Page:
Other things to consider for engineering:
    - transition to major process
    - co-ops
    - career services on campus

    Engineering is going to be tough anywhere.
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  • KnowsstuffKnowsstuff 8049 replies39 threads Senior Member
    Instead of just throwing out names can you tell us more what he is looking for? I had my son go through the top 50 schools and besides the top ten pick some schools from 11-20, 21-30 and so on. The lower the rank the more the merit money. Keep that in mind.

    As far as ROI and worth. No not really. Yes, there are certain schools that paying a little more might be worth it. Like $15,000/year more of you can afford it and this might be a stretch. To put it in perspective. If company X is hiring 10 engineers whether they went to Berkeley, Georgia Tech, Kettering, or Illinois Institute of technology.. They are all getting paid the same being a first year engineer. Hope that makes sense. (this might not be true in evey company but you get the idea).

    Also if you look at 5 /10 year out pay it all starts to equalize at some point unless you specialize.

    Every engineering school is hard. Don't think there's an easy one. Yes, some are more intense. But people at Iowa State don't think it's any easier then my son at Michigan. My son tells me even the easy classes are hard and that everyone struggles together... I think that's a fair assessment. Lol.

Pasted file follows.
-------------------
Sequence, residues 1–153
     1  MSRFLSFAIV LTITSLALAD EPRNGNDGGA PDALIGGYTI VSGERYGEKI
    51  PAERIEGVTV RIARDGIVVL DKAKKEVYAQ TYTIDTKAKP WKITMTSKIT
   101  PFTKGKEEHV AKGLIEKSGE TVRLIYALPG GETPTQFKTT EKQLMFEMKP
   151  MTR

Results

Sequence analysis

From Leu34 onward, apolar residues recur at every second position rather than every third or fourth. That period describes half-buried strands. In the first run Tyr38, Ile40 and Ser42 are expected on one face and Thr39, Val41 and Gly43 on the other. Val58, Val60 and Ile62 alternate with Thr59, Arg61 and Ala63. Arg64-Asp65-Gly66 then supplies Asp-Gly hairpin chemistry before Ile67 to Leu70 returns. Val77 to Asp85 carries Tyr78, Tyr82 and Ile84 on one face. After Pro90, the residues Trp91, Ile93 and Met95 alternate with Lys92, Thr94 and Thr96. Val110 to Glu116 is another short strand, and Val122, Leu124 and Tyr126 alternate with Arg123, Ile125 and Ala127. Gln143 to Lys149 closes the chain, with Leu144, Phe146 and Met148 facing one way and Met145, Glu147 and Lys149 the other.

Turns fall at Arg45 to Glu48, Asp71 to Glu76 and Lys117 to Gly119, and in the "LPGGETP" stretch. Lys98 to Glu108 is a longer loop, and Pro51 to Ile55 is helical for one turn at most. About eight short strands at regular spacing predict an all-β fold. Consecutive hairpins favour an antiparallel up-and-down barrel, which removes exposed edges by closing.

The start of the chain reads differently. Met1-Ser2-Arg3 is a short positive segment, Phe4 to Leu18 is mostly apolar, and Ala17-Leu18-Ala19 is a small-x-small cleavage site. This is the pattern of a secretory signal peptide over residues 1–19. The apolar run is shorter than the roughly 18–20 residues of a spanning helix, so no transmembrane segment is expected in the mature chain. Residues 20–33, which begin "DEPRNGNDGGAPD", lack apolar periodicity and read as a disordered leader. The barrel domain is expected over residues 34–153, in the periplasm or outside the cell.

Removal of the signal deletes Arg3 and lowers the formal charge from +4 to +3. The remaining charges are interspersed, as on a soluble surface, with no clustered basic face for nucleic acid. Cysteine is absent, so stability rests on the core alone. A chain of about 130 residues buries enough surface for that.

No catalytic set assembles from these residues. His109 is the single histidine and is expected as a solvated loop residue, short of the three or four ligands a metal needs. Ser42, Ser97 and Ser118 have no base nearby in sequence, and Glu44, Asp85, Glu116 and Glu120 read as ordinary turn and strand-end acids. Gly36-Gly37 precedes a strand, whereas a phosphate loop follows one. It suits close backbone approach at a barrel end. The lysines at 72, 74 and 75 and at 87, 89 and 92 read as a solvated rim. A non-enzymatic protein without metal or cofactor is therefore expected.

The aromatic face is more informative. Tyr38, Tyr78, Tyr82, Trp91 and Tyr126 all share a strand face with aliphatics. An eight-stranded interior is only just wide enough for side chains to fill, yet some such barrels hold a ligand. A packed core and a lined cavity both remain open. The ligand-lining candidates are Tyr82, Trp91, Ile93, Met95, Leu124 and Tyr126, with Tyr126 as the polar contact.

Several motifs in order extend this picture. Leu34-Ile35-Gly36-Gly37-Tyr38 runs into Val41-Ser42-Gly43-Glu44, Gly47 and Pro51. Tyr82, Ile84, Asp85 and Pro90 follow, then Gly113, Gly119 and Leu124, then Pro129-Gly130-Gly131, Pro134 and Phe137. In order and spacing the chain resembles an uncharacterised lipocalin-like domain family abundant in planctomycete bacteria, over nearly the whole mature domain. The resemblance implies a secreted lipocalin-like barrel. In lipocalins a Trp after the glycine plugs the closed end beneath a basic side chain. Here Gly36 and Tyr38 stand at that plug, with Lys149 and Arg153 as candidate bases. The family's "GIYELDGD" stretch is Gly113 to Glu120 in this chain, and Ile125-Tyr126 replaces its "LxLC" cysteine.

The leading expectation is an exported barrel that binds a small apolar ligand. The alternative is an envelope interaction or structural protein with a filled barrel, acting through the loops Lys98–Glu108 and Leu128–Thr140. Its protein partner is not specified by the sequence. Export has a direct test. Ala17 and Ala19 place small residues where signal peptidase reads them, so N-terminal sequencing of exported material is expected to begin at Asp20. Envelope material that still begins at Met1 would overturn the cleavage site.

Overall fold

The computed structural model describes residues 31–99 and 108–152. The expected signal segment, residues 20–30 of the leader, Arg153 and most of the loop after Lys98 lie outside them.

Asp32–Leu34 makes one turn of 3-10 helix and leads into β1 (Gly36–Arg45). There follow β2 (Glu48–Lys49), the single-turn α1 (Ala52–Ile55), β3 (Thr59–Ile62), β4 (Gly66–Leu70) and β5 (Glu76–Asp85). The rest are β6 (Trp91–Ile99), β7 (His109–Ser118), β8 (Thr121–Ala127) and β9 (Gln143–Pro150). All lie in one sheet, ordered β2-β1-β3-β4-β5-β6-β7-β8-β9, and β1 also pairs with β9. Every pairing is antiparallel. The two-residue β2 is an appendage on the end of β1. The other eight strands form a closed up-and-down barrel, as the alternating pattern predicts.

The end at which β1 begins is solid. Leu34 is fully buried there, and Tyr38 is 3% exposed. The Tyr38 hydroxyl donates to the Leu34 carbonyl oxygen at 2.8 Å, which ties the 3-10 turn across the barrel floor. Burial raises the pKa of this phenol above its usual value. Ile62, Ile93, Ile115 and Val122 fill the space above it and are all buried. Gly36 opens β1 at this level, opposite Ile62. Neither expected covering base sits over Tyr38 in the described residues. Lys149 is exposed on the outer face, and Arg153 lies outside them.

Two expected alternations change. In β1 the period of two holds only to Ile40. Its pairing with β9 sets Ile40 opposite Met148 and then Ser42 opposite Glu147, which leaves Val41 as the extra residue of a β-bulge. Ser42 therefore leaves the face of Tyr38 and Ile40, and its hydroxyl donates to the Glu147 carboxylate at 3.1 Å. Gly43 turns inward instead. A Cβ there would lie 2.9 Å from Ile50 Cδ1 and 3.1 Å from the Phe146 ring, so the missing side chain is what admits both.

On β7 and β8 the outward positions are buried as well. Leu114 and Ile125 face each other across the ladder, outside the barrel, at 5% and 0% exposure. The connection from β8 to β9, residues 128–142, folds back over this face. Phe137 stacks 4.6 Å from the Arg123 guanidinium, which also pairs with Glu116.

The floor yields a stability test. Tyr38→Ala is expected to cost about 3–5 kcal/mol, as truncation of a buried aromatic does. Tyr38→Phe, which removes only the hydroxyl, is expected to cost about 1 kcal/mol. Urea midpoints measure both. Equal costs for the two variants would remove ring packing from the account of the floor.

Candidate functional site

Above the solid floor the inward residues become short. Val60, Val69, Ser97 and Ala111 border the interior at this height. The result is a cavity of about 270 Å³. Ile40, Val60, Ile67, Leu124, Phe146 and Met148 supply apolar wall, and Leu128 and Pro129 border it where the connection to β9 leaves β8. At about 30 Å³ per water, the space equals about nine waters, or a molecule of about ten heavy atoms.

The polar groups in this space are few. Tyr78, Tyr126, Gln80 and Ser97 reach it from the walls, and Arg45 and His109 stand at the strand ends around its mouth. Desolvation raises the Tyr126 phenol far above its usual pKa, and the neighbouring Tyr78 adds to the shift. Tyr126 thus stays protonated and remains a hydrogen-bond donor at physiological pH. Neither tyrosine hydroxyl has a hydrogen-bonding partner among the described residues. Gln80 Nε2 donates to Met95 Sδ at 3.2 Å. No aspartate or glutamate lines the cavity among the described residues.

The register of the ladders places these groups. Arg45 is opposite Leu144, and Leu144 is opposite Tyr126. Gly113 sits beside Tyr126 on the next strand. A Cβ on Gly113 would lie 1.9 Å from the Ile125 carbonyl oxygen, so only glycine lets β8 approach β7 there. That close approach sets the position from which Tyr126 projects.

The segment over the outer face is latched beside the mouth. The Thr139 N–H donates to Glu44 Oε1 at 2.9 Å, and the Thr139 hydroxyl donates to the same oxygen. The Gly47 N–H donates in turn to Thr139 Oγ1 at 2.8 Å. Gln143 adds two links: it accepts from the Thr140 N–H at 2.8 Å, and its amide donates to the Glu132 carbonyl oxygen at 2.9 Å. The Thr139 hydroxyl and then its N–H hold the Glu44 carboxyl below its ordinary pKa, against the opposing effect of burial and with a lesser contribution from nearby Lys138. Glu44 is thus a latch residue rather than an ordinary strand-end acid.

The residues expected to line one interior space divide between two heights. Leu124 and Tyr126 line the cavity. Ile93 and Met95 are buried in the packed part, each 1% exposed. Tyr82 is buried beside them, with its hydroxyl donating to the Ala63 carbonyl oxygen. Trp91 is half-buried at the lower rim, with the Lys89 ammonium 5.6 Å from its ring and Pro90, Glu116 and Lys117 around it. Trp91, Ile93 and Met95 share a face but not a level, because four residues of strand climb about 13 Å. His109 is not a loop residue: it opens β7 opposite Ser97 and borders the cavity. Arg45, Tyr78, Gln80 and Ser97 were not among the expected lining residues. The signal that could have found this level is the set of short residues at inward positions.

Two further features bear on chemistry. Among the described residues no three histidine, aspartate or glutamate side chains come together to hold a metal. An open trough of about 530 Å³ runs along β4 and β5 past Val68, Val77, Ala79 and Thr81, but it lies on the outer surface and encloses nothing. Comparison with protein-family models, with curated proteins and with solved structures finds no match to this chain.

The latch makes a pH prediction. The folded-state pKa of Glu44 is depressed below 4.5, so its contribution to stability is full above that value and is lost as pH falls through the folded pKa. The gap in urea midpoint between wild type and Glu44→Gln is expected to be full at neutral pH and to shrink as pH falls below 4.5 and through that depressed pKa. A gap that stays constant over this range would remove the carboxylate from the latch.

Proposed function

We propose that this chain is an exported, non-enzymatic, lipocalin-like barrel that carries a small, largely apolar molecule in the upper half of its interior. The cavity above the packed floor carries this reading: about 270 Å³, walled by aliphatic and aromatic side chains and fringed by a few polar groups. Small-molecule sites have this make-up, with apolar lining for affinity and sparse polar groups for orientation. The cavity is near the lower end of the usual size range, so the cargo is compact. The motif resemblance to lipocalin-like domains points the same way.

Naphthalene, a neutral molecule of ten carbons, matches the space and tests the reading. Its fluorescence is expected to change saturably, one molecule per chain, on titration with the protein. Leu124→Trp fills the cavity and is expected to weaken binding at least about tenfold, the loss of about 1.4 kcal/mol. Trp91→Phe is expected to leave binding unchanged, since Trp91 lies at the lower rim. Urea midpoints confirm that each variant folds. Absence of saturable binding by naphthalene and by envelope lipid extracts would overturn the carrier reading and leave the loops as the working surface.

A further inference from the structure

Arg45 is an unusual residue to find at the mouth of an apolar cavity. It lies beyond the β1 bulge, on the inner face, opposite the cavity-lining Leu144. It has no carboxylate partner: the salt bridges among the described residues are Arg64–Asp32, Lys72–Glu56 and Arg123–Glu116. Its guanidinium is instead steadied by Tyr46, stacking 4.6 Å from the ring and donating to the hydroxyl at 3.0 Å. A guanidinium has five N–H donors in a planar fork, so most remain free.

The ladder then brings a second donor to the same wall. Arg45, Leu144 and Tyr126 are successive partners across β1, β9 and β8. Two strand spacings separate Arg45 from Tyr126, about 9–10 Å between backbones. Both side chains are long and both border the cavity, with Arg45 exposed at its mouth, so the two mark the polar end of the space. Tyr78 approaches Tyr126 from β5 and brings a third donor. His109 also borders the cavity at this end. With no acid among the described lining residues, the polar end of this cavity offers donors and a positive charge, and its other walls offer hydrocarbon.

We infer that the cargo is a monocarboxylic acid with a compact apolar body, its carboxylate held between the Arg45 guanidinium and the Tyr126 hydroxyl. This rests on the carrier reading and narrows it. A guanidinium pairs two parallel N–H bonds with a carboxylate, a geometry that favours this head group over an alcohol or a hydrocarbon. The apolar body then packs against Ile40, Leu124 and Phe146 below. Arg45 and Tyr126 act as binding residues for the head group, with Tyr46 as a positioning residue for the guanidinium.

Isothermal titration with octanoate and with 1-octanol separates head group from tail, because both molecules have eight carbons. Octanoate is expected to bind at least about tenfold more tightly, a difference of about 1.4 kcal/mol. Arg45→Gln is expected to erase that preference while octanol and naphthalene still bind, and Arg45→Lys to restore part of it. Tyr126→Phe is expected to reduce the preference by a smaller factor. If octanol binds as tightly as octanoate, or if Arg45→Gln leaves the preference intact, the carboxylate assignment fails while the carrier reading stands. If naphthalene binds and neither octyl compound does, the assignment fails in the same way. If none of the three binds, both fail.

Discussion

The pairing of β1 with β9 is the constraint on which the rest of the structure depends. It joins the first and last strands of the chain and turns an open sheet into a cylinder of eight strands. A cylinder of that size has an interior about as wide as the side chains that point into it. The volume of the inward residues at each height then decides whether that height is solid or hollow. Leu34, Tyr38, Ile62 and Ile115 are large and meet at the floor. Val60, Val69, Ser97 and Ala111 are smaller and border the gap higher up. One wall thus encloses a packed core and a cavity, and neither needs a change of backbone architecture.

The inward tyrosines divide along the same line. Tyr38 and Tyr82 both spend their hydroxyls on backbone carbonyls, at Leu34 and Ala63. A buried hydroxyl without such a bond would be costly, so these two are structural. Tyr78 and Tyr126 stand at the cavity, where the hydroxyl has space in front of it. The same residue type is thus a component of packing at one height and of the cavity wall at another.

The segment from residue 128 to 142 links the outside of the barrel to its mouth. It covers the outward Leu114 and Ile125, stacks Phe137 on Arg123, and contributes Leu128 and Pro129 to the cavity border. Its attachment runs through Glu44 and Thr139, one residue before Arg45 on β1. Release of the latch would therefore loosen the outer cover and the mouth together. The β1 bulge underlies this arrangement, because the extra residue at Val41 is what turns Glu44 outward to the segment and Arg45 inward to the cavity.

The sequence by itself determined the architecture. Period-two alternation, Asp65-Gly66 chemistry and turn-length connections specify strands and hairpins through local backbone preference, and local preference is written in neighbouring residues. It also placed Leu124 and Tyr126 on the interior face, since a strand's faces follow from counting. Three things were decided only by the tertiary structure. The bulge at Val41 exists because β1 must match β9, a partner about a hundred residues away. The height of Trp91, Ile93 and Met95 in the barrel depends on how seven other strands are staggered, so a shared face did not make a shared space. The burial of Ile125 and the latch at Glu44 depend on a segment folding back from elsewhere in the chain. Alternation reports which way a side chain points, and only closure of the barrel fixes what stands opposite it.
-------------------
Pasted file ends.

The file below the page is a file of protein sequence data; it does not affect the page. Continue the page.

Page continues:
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  • ucbalumnusucbalumnus 85049 replies758 threads Senior Member
    edited September 24
    Other things to consider for engineering:
    - transition to major process

    Some examples:

    https://talk.collegeconfidential.com/engineering-majors/2174743-first-year-engineering-programs-secondary-admission-to-major-criteria.html

    Where the process is more competitive or less transparent in terms of what is needed to get into each major, the environment could be more of a pressure-cooker.